4+4=3 *(4+4=8 in non-modulo; in mod5, it's 4+1+3=0+3=3)*

Another way of thinking of modulo-N arithmetic is that after every addition, you do an integer divide by N, and take the remainder. The remainder is the result in modulo arithmetic.

And finally, the easiest way to think of modulo-N arithmetic: remember the idea of a number line from elementary school? Take the number line starting at zero. Cut it at N. Take what's left, and curl it around so that it forms a circle.

Just like you can do addition by stepping on the number line (3+4 is start on three, and take four steps forward), you can do addition by stepping around the modulo-N number circle: 3+4 is start on 3, and take four steps forward along the circle.

### Cyclic Groups as Generated Power Series

The other way of viewing a cyclic groups is as a power series generated by a single value. For a number X, there is a cyclic group of size N whose values are X^0 (the identity value), X^1, X^2, X^3, ... , X^(N-1). (note: this was corrected based on comments: the last entry was originally X^N, which is a group of size N+1, not N.)The group operator in this formulation is

*basically*just multiplication; the identity is thus X^0. The one little catch is: if we're looking at a finite cyclic group, then the multiplication operation "rolls back" in a manner exactly like modulo arithmetic. Again, it will get clearer with some examples. For a cyclic group of size 5:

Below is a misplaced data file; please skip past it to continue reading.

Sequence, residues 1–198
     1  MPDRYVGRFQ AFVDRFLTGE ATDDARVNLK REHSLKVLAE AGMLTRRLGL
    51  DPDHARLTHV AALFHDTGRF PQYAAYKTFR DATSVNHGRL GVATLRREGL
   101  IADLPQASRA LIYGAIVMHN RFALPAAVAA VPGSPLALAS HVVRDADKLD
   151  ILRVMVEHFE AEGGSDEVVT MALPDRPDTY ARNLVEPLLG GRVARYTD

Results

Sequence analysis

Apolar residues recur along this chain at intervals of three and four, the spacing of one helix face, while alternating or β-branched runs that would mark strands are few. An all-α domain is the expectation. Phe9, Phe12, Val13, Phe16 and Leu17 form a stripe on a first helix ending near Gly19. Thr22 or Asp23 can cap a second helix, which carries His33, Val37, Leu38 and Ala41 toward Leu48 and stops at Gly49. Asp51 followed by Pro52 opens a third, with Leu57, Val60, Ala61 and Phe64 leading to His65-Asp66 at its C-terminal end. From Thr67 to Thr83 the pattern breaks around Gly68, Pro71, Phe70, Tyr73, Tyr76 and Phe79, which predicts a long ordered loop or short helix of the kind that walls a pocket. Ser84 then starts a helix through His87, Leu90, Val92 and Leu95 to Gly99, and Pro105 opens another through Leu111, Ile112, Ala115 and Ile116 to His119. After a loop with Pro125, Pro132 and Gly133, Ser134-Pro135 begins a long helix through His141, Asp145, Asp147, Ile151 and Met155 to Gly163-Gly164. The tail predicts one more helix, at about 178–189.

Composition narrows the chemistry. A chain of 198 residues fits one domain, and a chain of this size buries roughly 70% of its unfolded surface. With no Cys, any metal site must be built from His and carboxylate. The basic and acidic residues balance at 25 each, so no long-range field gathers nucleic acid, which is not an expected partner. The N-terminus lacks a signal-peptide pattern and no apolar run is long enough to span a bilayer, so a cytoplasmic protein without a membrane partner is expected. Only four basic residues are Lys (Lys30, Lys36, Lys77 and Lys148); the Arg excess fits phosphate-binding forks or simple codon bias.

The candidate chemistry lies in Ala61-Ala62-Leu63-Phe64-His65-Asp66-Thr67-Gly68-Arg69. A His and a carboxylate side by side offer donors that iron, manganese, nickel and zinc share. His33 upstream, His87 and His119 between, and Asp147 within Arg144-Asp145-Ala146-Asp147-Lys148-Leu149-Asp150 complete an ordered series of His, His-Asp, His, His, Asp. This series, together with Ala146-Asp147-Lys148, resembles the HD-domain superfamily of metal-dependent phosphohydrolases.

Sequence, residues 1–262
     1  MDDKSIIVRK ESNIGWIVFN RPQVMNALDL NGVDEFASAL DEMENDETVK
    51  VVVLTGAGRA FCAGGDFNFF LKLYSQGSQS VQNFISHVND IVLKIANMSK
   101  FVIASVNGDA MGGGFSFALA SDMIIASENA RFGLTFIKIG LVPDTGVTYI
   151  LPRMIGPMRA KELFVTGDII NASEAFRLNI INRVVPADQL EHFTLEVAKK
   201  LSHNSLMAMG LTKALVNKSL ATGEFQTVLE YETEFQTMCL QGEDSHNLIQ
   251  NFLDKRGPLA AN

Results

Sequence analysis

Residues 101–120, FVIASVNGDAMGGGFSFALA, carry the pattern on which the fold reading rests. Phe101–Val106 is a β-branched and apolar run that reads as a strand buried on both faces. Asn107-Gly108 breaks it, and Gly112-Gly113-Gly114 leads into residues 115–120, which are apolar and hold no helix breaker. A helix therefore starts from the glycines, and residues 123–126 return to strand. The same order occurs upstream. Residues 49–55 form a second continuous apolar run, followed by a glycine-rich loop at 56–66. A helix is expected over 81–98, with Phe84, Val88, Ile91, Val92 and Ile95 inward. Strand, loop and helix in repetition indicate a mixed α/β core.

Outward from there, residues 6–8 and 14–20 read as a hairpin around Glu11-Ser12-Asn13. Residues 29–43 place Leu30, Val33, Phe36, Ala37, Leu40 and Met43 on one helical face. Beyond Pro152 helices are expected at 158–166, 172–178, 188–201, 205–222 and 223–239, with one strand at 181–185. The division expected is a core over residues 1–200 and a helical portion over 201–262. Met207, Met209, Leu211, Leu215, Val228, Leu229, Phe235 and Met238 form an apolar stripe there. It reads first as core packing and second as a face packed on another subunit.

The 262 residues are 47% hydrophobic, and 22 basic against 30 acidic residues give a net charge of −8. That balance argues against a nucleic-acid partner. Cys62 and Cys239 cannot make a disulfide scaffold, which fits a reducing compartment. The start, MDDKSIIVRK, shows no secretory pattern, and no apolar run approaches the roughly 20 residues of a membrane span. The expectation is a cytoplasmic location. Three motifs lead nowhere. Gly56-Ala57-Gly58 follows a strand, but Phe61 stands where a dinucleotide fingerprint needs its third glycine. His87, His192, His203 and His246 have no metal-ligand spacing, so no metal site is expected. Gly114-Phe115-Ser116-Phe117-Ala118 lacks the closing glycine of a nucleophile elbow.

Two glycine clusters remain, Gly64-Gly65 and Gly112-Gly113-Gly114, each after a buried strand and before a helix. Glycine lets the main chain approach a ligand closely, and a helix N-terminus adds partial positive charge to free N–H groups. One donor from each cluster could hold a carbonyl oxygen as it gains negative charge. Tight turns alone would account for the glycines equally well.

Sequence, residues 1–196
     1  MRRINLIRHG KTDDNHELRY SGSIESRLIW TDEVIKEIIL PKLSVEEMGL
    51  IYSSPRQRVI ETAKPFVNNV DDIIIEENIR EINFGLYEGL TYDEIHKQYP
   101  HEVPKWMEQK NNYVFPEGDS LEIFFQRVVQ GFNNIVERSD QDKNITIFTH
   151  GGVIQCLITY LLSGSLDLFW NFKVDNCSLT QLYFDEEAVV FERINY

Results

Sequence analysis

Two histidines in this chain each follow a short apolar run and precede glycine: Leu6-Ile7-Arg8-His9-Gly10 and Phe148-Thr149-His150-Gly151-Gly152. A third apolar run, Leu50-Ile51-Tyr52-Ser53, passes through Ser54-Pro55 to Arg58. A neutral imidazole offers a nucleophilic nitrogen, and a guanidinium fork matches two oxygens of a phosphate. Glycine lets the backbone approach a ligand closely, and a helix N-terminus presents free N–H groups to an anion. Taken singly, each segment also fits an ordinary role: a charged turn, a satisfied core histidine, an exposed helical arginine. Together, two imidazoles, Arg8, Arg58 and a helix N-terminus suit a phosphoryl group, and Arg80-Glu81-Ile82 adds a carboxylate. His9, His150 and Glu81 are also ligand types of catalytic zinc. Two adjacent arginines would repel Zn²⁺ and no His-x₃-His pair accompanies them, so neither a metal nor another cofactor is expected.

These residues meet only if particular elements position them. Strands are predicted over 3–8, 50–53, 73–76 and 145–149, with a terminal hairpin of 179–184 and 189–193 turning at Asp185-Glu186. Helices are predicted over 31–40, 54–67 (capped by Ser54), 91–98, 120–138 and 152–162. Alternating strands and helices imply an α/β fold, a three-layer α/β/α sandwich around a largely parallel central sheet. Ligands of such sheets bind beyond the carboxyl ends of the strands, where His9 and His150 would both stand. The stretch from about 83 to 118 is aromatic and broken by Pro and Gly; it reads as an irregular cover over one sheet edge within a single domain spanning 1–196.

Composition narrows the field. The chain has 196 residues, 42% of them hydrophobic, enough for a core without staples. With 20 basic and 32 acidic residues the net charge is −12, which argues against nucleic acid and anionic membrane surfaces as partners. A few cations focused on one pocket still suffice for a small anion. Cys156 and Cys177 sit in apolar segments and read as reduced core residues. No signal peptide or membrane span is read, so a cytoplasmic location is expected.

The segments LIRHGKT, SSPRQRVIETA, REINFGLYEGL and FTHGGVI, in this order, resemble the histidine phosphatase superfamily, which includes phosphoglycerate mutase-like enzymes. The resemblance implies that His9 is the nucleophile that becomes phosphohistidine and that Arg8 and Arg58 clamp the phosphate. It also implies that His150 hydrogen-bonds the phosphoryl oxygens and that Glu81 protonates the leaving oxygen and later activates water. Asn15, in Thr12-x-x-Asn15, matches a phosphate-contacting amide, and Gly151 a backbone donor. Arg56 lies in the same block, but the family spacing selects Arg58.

N^0 * N^4 = N^4

N^3 * N^1 = N^4

N^3 * N^3 = N^1 *(N^3*N^3 = N^6, which "rolls over" to N^1.)*

N^4 * N^3 = N^2 *(N^3*N^4 = N^7 which rolls over to N^2.)*

As you can see, if you look at the members in terms of exponents, then the multiplication operation behaves as modulo arithmetic on the exponents.

### Cyclic Groups and Rotational Symmetry

If you look at my corrected explanation of group operations from the other day, you should be able to see how a cyclic group expresses rotational symmetries. For example, if you take a set of the vertices of a pentagon, and look at Z_5 as a group operation, then the values in Z5 correspond to the five possible symmetric rotations of the pentagon. For example, the member of Z_5 labeled as "1" in the diagram above is the permutation function:

{v1->v2, v2->v3, v3->v4, v4->v5, v5->v1}.

## 5 Comments:

One minor correction to the Power Series section: X^0, X^1...X^N is N+1 elements. You should have stopped at X^(N-1).

By Anonymous, at 10:23 PM

Also note that this usage of the phrase power series, while descriptively correct, is not standard usage.

By ivan m., at 6:54 PM

anonymous:

Thanks for the correction; off by one errors are the plague of computer scientists :-)

ivan:

Yeah, I know it's not the usual formal use of the term, but it's descriptive, and since I also defined what I meant, I thought it was reasonable to use it since it had the proper descriptive sense.

By MarkCC, at 10:08 AM

Wouldn't "power

sequence" be both descriptive and precise?By ebohlman, at 8:28 PM

Our clock system would be the most familiar version of modulo arithmetic (12 or 24), wouldn't it?

By jackd, at 11:04 AM